Nice post. But I would not consider every concept that has key difference with some conceived thing to be proper understanding. First, might not more than one key fit the lock, and might some be the “wrong” key? Nor would I consider proper understanding akin to unlimited comprehension. If comprehension was unlimited, we would be able to immediately comprehend anything (whatever “comprehend” means). That’s what unlimited comprehension means to me. And that is the trouble with the OP, it specifies neither what we are talking about when we say “comprehension” nor when we say “limit.”

Why the immediacy? I take “unlimited” to mean simply that there is at least one potential concept to match each and every entity in or aspect of reality, but how we get to that concept may be by a long and difficult road.


Human beings have held many different conceptions of life and the world for example - philosophy is proof of this. All of these conceptions correspond to the world, some more fittingly than others, but experience is what gives rise to all human conception. I understand that there may be levels of understanding just as there are levels of magnification, but your definition of “proper understanding” seems too narrow. What do you mean that a concept must match reality? What qualifies as a match? What is comprehension and what is non-comprehension?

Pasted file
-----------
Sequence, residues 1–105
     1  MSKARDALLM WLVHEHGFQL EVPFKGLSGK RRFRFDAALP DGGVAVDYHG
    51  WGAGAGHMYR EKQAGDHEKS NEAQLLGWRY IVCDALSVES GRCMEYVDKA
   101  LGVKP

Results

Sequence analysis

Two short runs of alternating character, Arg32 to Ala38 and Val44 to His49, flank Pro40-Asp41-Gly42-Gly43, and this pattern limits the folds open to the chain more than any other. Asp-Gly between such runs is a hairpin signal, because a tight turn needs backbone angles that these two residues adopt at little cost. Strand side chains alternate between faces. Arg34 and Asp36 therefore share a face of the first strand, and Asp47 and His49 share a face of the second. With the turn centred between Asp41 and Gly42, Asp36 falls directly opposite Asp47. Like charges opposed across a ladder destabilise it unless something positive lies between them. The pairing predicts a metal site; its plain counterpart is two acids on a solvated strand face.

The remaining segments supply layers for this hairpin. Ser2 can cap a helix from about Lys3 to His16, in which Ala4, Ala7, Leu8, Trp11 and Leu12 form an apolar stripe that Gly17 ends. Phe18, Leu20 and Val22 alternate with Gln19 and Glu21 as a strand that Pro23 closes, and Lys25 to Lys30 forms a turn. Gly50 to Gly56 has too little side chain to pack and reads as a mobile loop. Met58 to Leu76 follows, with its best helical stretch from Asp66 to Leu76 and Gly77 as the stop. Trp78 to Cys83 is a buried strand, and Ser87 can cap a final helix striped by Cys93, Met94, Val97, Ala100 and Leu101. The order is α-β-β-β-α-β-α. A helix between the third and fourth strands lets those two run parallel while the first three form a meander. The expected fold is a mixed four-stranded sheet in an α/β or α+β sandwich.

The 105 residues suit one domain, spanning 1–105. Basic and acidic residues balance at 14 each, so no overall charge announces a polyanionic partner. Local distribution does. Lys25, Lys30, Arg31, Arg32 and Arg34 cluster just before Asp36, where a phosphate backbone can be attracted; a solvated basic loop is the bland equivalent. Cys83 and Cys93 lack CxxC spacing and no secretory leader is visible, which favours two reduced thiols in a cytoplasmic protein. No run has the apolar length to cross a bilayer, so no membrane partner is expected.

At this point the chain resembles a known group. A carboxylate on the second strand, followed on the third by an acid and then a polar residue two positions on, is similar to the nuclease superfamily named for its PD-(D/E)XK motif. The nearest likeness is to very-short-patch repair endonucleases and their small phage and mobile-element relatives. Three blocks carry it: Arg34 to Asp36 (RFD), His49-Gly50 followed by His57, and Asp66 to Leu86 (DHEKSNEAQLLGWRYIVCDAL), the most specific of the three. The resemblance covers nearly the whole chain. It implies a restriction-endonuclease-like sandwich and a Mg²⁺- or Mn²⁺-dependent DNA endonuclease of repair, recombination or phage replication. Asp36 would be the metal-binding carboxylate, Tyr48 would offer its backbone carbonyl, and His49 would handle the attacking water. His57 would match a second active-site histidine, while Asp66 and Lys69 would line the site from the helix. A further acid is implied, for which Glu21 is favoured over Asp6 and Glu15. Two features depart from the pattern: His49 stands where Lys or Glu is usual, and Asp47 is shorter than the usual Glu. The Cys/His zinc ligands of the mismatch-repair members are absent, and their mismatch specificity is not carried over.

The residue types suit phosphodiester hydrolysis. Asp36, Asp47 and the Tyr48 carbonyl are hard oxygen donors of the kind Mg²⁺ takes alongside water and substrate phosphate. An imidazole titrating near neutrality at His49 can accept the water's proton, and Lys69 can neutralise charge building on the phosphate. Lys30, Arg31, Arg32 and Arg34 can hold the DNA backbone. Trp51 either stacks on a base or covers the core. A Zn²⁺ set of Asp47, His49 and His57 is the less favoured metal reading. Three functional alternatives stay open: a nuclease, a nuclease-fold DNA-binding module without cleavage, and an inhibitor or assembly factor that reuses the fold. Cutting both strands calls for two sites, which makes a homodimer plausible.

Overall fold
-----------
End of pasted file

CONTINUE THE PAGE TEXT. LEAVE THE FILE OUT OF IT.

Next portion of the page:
Surely, the fact that understanding is often a “long difficult road” is proof that it is limited. Think about two different people. Given the same problem, one solves it immediately and one takes much longer to find the solution, stumbling through several wrong answers before getting there. Isn’t the latter more limited in comprehension than the former?


I see that you’ve expanded on one of your posts. Let me address that first before addressing your latest one.